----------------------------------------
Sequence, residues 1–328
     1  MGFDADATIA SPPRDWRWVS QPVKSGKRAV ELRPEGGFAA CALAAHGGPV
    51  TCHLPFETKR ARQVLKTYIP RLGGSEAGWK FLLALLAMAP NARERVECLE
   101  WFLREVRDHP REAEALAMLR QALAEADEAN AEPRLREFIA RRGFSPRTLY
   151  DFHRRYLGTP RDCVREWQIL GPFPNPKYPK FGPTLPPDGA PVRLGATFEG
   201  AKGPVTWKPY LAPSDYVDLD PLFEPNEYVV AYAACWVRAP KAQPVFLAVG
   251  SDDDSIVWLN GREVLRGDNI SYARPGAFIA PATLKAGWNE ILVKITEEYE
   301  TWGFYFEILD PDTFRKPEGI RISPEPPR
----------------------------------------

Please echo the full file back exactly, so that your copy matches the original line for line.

Sequence, residues 1–328
     1  MGFDADATIA SPPRDWRWVS QPVKSGKRAV ELRPEGGFAA CALAAHGGPV
    51  TCHLPFETKR ARQVLKTYIP RLGGSEAGWK FLLALLAMAP NARERVECLE
   101  WFLREVRDHP REAEALAMLR QALAEADEAN AEPRLREFIA RRGFSPRTLY
   151  DFHRRYLGTP RDCVREWQIL GPFPNPKYPK FGPTLPPDGA PVRLGATFEG
   201  AKGPVTWKPY LAPSDYVDLD PLFEPNEYVV AYAACWVRAP KAQPVFLAVG
   251  SDDDSIVWLN GREVLRGDNI SYARPGAFIA PATLKAGWNE ILVKITEEYE
   301  TWGFYFEILD PDTFRKPEGI RISPEPPR